If the act benefits ME, I’m more likely to play along than if whatever Facebook is encouraging me to do offers me no benefit.

Selective reasoning works well.

Just because Facebook offers up a new option, or takes one away, doesn’t mean their service is less appealing. It means they’ve found a way to streamline their services to meet THEIR needs. IF you don’t like it, adjust it to meet your needs, or create your own “Facebook” and don’t worry about them anymore.

In simpler words… Get over it!

Why get upset that Facebook is a self-serving business model, just like almost every other business model? Use it, find ways around their ‘reprogramming’ and move on… Change is part of the program. Instead of making a big deal out of what Facebook does to confuse users, why not find ways to make money from Facebook?

Social Media Marketing Business Models are PROFITABLE!

If you’re on social media: Facebook, Twitter, Pinterest, or LinkedIn – or any of many other options, I believe you have an opportunity in your hands. I believe this, because I’ve applied this Business Model over the past several years, and it works.

By learning a social media platform and then finding clients who want to pay you to share their business, you could be making money on social media.

Click below to find a Social Media Marketing Business Model that works. And sell your services.


$7 Business Model

3 Blog Tactics for Driving High-Volume Traffic

…and getting better conversion than EVER before.

When I started this website, I wasn’t sure what ‘online with Jan’ meant, other than an opportunity to connect with a different audience than my usual web-development clients. Then one day I realized there was a key value, and important difference between the average person online who might be looking for someone like me, and the chaotic adventure seeking marketing crowd who sought out my web-design business.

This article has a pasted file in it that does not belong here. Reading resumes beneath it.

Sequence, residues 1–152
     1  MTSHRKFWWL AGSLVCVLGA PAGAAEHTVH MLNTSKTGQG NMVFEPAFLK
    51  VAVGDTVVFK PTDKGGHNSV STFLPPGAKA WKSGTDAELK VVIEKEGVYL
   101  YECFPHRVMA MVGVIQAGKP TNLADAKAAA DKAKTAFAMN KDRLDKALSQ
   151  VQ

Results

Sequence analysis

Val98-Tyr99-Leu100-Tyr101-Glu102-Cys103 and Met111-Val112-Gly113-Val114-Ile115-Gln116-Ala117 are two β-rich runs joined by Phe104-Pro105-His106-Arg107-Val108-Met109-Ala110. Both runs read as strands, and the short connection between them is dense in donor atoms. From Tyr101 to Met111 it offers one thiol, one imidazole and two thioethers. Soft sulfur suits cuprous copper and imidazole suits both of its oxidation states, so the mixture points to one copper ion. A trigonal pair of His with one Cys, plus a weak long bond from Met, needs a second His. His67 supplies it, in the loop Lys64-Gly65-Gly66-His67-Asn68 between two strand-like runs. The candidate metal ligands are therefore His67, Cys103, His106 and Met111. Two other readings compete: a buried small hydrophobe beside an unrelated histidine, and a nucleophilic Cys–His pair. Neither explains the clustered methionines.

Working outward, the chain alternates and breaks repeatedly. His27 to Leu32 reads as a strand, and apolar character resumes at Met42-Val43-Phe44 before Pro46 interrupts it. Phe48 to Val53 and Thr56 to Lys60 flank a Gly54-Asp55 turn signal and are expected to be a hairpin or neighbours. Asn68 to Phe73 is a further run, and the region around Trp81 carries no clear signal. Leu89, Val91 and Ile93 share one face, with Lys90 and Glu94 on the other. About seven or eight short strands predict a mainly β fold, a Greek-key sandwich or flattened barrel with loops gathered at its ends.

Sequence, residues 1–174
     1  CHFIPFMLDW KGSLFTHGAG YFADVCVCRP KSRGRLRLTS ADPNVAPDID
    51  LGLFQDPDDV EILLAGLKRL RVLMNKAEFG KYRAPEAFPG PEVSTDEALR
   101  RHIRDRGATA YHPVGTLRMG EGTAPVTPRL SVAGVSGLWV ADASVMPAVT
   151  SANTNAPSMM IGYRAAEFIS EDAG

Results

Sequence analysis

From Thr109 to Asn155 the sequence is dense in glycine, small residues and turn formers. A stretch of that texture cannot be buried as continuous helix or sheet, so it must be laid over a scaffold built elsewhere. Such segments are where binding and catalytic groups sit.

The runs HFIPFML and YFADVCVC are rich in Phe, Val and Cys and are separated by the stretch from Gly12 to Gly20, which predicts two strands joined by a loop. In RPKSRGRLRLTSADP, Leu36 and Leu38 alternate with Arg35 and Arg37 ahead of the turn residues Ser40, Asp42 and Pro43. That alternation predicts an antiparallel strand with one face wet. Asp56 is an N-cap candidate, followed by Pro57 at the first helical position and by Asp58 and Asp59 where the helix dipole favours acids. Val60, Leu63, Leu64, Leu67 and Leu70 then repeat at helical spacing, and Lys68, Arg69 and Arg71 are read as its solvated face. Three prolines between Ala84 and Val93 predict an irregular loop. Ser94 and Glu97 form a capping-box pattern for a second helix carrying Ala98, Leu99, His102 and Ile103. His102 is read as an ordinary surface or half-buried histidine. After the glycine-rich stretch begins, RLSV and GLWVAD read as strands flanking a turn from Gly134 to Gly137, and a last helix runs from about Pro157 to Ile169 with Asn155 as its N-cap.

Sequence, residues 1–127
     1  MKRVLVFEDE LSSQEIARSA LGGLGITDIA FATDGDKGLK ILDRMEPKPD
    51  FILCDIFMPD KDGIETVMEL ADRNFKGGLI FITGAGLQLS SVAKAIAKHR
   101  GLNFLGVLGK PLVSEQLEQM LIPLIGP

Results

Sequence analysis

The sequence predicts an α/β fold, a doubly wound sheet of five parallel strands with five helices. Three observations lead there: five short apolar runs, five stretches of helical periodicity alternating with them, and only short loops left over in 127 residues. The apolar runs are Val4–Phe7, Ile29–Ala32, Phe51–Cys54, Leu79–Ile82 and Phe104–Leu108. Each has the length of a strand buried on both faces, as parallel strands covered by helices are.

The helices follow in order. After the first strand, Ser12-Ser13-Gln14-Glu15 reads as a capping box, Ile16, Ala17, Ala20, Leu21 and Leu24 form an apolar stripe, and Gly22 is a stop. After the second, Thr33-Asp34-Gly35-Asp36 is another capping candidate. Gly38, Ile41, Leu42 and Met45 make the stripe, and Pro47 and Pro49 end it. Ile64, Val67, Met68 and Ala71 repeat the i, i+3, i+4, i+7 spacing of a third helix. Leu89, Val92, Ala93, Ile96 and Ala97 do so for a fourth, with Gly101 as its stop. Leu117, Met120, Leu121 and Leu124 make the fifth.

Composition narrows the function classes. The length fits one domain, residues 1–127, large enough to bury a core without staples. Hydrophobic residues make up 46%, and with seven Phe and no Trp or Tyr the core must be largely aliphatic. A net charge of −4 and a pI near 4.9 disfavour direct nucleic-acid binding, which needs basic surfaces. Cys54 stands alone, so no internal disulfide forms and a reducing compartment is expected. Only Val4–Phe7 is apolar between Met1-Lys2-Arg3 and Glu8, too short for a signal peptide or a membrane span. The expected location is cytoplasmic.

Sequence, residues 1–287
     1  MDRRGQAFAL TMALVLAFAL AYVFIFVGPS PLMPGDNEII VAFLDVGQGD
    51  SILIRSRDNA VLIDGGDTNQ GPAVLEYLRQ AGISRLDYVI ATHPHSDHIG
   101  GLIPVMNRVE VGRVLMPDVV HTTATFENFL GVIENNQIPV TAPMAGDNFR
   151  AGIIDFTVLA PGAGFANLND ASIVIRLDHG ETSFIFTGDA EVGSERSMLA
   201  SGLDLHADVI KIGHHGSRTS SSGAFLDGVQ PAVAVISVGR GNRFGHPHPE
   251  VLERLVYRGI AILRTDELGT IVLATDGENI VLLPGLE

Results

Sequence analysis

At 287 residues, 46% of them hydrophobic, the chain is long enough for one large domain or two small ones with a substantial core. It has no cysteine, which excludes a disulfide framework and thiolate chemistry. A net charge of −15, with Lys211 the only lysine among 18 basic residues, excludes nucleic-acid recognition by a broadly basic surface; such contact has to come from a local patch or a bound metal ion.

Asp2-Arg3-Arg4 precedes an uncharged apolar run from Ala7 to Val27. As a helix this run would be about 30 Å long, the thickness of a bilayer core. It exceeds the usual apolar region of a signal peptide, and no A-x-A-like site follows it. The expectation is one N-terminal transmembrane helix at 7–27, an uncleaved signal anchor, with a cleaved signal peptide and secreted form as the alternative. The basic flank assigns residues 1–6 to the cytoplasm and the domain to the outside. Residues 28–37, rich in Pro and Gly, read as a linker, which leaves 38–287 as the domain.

actionable contentThe key component of those who seek out online with Jan over the web-designer has something to do with the bold glory of Grannies on the Internet doing what Grannies do. We show off our kids, and share our crafts. Only, my craft is web design.

The Grannies who seek me are searching for information about their websites, the details about marketing their products and crafts online, and the excitement that comes from knowing people who make a lot of money doing what I do. Those ladies know that to make money themselves, they have to rub elbows and knock knees with folks who do make money online. But they don’t necessarily want to hang out with the college crew techies who generally make up that notable sector of society.

It isn’t that we don’t like the college age boys and girls, we love them! But we’re not cougars, and we prefer tea and crackers over GMO cakes and designer coffees – well, they do. I still like my designer coffees.

The thing is… I have a lot of techie experience, and I can write about that, but I prefer to give credit where credit is due, and write what is of interest to ME while sharing the techie information of my young buddies who have put a lot of thought and effort into building their tech business. With more than 20 years of technical background, web design, graphics, and getting to the bones of marketing online, I understand the important aspects of tech, and what it takes to be successful. I want it all!

Web Design

#1 Blog Tactic for Driving High-Volume Traffic

When you write your blog posts, write what you know. There’s a new fad going around where people try to write about things they don’t know about, and want to give advice in areas where they have no expertise. Trust me, that will be short-lived, and won’t accomplish much. In fact, those lovely folks will probably forget to update their websites at the end of the year, and they’ll all be available for someone else to manage next year.

Write about what you know and drive traffic that is truly interested in reading what you write. 

This is a key component to driving high-volume traffic and making solid buyer conversions from that traffic. When you’re writing for people like you, who like what you like, they won’t have to hunt for an expert in their area of expertise.

Some key elements of writing what you know come from these questions, below. Take a moment and read through them, then answer them, honestly. You’ll notice a thread of interest flowing through them, and that interest is YOU, and people like YOU.competitive advantage